Deadline arrives for Washington County residents to request meals for pickup or drop-off

The 48th annual Free Community Thanksgiving Dinner is adapting for the coronavirus pandemic. And Washington County residents can take advantage.

Because Vermont health guidelines bar large indoor gatherings, like the one that would have happened at the Bethany Church on Main Street in Montpelier on Thanksgiving Day, Nov. 26, an alliance of local agencies is offering pickup or delivery meals in its place.

Sodexo, Norwich University’s dining provider, is joining National Life Group to lead a community team led by the Washington County Youth Service Bureau/Boys & Girls Club to offer meals for pickup Nov. 25.  

People must submit meal requests by phone at 802-229-9151 or email This email address is being protected from spambots. You need JavaScript enabled to view it. by Wednesday, Nov. 18.

People must submit meal requests by phone at 802-229-9151 or email This email address is being protected from spambots. You need JavaScript enabled to view it. by Wednesday, Nov. 18, and say whether they plan to pick up their meals or want them delivered within Washington County.

Drive-through-only pickups will run 11 a.m. to 3 p.m. Nov. 25 at National Life Group, 1 National Life Drive in Montpelier. Curbside pickups will run 11 a.m. to 6 p.m. outside Bethany Church, 115 Main St., Montpelier. Meal recipients must wear face masks and maintain 6-foot physical distancing for pickup.

Doorstep-drop home deliveries will run 10 a.m. to 3 p.m. on Thanksgiving Day. Meal requesters should leave detailed instructions on where to leave the meal when they call or email.

“Sodexo is involved in the free Thanksgiving meal for the dual reasons of supporting our partners and to fight hunger in our community,” Annie Rowell, Sodexo’s Vermont First coordinator, wrote in an email. “We have the culinary and logistical resources available to support a great event like this.”

sodexo 2015 min
Sodexo staff members pose for a picture in the Wise Campus Center in 2015. Sodexo has worked with Norwich University to promote the sustainability of local food in Vermont. (Photo by Mark Collier.)

This is Sodexo’s first involvement with the free Thanksgiving meal, Rowell said, but she added that the company has long been committed to fighting hunger in Vermont. Sodexo, which has U.S. headquarters in Gaithersburg, Maryland, launched Vermont First in 2014 to grow market opportunities for local producers, spur job growth and ensure Vermont’s farming viability.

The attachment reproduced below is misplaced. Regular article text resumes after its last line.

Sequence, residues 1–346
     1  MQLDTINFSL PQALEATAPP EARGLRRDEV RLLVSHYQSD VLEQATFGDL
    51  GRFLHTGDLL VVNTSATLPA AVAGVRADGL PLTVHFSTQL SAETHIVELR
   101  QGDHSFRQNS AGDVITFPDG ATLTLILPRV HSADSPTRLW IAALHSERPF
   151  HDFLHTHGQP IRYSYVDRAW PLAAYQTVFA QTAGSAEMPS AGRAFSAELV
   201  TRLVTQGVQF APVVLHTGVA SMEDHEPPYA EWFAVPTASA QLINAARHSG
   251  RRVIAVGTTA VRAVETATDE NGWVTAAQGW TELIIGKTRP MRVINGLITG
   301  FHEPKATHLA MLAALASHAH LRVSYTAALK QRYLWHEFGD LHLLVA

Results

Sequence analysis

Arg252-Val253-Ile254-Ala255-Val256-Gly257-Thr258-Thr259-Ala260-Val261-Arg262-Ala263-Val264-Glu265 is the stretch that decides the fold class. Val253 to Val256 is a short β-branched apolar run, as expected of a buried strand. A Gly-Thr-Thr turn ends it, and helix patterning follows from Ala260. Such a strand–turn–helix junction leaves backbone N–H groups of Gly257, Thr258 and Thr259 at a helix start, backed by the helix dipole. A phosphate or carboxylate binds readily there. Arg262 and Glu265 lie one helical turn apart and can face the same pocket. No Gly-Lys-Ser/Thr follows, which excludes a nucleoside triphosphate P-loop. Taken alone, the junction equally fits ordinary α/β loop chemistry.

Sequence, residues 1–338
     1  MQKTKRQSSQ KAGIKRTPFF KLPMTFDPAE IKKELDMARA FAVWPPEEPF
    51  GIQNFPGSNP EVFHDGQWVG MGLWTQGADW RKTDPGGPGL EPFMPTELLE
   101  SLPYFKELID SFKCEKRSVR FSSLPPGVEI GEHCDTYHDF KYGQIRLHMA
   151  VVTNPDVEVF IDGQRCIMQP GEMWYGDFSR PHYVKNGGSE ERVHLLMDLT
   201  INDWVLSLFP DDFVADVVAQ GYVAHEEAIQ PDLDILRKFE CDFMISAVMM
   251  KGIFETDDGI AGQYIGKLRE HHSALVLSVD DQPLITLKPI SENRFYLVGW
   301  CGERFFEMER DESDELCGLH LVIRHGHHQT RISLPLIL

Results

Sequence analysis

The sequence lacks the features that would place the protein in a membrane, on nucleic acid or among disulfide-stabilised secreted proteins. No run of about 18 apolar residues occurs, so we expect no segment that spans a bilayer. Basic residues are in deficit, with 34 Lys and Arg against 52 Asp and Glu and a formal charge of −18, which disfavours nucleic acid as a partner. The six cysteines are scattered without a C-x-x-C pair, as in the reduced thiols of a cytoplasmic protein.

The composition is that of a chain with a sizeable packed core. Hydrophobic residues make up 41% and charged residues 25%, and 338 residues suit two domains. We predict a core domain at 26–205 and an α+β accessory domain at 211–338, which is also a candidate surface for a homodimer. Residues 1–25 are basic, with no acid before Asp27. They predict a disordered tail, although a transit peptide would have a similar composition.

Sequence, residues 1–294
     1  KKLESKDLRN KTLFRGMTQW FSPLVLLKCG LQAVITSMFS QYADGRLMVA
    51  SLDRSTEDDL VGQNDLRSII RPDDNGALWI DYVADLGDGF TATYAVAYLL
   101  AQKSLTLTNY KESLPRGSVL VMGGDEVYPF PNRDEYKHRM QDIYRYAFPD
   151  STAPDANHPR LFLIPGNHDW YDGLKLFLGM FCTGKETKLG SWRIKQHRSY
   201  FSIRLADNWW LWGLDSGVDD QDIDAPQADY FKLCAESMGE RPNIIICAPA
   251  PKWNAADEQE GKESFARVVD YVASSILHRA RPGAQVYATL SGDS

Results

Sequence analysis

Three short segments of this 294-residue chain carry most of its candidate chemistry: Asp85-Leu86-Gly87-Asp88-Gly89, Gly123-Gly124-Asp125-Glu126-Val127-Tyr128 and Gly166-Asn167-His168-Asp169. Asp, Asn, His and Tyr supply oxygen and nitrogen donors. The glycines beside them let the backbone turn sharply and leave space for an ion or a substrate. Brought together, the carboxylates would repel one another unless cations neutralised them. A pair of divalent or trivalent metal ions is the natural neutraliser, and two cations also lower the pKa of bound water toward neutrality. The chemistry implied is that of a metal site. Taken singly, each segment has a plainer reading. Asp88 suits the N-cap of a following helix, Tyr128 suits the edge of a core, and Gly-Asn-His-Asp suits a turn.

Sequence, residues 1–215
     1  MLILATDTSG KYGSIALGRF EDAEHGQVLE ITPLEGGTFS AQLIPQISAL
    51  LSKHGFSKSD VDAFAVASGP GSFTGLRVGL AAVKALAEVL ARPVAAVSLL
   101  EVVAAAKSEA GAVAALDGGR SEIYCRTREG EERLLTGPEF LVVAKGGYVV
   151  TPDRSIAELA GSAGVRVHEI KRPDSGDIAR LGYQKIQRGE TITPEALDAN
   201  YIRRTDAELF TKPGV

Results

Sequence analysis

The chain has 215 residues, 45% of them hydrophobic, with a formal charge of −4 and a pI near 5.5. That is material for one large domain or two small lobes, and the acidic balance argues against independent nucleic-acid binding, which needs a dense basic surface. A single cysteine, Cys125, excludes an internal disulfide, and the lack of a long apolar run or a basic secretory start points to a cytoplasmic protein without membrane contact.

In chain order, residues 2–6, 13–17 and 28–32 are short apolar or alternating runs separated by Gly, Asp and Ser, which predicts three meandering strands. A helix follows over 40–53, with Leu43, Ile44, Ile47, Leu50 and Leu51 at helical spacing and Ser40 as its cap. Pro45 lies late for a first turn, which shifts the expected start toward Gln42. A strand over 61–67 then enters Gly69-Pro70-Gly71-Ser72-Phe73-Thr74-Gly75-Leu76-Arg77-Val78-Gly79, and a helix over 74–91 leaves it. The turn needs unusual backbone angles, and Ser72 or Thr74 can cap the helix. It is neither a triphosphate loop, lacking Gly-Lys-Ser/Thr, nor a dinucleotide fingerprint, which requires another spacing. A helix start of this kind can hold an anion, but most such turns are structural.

“Food insecurity has been a key concern in Vermont for many years, and the need is only greater this year,” Rowell wrote. “This is just one way we can help, and we are honored to work with the incredible partners making this year’s meal happen.”

In a statement posted on the Vermont Businesses for Social Responsibility website, National Life Chairman, CEO and President Mehran Assadi said, “We’re proud to join Sodexo and other community partners to provide a meal to those who need one.”

Just Basics, the Vermont Foodbank, Hannaford supermarket, Central Vermont Medical Center, Hunger Mountain Coop, Cabot Creamery, Vermont Creamery, Chappelle’s Potatoes and Manghi’s Bread are joining the Washington County Youth Service Bureau to enable this year’s Thanksgiving meal.

Promoting sustainability

Norwich and Sodexho have long collaborated to promote local food sustainability.

In December 2019, Norwich combined with the University of Vermont and Sodexo to win a New England Food Vision Prize from the philanthropic Henry P. Kendall Foundation.

In the competition, food leaders from 200 New England college and university campuses submitted ideas to boost regionally produced food on campus menus. The foundation named six teams of winners representing 16 campuses; each team received a $250,000 award.

In a statement, the foundation said the University of Vermont and State Agricultural College and Norwich University, in partnership with Dartmouth Hitchcock Medical Center, the University of Vermont Medical Center, Vermont Food Venture Center and the Pioneer Valley Growers Association would use the winnings to invest in state-of-the-art equipment for food processors.

The Vermont Fresh Network, a consortium of Vermont chefs, farmers, food artisans and diners, reported that Sodexo accounts spent $2.77 million on local food from more than 184 local producers in 2018. Sodexo has also said it convened more than 30 stakeholder meetings and sponsored events in 2018 to gather Vermont food system stakeholders and address farm-to-institution challenges.

On its company website, Sodexo said it serves 13,500 client sites in North America, supplying meals to 100 million consumers daily.

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